Performance problems.

There was no dispute the employee had a history of poor performance and disciplinary issues throughout her employment, based on failing to follow protocols when handling calls (including STAT calls), providing incorrect information to patients, committing numerous scheduling and registration errors, and excessive lateness. At the time of her termination, she had received written warnings, including a “final written warning” due to errors on calls. In a review of time logs in July 2015, one of her supervisors noted a pattern of the employee not returning from breaks on time and not logging into the phone. Three days later, she failed to return from break on time and was discovered in a conference room, slumped in a chair, under a blanket with the lights off. The parties dispute whether she was asleep.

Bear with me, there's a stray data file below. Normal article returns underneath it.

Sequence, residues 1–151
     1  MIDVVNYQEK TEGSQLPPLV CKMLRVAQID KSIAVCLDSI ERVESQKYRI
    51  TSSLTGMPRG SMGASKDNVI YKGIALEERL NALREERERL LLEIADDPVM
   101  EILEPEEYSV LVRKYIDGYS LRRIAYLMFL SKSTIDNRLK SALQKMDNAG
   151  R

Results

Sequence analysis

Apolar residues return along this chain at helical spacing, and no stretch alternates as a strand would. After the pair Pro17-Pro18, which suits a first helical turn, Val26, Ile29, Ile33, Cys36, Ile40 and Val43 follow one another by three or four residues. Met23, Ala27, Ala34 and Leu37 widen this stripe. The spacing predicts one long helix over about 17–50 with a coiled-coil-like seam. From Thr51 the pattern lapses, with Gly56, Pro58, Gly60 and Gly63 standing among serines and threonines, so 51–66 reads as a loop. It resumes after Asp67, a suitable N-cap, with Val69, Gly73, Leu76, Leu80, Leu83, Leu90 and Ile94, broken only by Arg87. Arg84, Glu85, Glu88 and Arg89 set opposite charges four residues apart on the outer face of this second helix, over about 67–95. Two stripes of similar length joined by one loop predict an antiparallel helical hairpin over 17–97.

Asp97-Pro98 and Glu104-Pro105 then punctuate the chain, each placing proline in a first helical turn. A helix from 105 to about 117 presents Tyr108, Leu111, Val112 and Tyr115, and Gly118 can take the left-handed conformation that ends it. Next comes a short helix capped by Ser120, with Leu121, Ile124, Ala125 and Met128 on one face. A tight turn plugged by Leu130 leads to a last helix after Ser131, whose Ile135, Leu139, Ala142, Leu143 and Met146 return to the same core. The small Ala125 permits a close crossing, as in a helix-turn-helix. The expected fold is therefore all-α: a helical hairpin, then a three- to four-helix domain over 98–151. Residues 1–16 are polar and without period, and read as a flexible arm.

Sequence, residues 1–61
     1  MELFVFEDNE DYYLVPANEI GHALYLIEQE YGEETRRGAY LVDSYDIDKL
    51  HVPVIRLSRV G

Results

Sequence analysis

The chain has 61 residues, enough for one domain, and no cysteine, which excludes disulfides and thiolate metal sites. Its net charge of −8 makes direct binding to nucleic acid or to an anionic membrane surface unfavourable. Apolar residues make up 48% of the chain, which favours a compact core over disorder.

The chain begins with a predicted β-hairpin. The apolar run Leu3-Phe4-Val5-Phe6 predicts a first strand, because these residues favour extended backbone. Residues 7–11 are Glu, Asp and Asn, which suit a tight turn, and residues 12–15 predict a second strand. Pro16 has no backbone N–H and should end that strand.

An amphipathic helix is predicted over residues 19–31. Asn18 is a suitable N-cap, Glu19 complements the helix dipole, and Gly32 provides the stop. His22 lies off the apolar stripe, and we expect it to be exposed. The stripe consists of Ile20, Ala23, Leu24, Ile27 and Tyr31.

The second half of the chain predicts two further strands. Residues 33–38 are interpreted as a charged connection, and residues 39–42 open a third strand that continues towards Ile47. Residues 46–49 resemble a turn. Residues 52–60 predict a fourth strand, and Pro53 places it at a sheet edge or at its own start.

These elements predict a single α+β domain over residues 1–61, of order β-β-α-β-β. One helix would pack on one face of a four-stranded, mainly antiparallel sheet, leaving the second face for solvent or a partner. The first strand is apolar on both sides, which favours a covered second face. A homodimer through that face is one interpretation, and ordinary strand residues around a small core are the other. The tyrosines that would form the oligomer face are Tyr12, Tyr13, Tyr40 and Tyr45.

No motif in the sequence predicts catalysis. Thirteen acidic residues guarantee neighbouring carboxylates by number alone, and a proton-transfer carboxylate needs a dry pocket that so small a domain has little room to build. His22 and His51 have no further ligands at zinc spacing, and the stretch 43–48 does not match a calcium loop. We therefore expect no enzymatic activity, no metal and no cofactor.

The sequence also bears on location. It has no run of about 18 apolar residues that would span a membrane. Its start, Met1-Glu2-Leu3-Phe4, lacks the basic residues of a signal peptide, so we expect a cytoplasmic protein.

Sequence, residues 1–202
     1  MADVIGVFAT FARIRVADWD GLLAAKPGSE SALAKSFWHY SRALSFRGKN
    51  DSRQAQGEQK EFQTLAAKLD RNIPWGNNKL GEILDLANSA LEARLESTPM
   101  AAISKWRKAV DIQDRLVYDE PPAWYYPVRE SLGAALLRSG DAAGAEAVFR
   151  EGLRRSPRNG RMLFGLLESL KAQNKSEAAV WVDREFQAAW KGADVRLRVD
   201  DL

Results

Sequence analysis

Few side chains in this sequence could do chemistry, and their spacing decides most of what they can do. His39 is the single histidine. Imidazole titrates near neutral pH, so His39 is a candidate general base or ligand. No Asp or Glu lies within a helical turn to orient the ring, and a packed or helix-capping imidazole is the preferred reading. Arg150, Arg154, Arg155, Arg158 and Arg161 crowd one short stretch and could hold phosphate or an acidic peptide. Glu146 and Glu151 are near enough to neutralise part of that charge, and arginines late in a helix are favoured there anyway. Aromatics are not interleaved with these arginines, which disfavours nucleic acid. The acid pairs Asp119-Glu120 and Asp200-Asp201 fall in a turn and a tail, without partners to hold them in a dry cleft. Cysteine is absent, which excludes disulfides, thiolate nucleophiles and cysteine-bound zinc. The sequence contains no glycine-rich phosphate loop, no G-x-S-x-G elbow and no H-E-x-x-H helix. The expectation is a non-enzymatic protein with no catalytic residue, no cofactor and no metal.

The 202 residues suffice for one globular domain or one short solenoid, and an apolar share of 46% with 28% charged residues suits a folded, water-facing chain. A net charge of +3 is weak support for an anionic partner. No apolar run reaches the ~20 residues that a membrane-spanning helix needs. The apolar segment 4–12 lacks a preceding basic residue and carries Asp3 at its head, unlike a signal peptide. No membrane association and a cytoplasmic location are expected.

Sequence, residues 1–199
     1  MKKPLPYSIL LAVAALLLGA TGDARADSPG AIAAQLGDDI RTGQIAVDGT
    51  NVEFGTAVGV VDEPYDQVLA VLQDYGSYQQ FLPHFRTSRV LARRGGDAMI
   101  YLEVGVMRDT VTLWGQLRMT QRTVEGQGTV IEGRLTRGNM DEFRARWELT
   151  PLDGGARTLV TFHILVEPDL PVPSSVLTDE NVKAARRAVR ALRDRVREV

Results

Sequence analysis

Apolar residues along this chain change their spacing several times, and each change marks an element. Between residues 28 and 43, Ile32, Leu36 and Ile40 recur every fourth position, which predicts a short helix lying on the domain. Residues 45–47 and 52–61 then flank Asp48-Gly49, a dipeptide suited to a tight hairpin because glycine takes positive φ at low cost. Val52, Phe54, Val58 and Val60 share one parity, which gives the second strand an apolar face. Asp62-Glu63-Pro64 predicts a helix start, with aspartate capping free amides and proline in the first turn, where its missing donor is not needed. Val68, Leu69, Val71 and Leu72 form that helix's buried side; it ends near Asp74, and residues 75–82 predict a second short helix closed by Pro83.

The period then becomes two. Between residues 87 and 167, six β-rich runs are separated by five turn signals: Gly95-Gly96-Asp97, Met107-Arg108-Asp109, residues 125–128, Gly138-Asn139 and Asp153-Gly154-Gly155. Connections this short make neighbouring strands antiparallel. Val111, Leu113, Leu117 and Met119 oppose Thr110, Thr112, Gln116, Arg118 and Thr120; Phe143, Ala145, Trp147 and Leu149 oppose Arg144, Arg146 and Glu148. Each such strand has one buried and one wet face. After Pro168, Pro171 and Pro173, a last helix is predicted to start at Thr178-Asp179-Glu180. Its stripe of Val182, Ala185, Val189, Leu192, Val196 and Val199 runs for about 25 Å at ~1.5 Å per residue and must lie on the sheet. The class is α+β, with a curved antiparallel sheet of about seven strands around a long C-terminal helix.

She was terminated for job abandonment and unauthorized sleeping on duty-misconduct that subjected her to termination under hospital policy. She sued the hospital for ADA, FMLA, and state-law violations, alleging that it failed to provide her a reasonable accommodation, discriminated and retaliated against her, and interfered with her rights under the FMLA.

Failure to accommodate.

The court granted summary judgment in the hospital’s favor on the employee’s ADA claims for failure to engage in the interactive process and failure to accommodate. She admitted she did not expressly request accommodations or assistance with her disability but she argued that she provided the hospital with sufficient information to put the hospital on notice that she required accommodation, thus triggering a duty to engage in the interactive process. The court rejected the argument.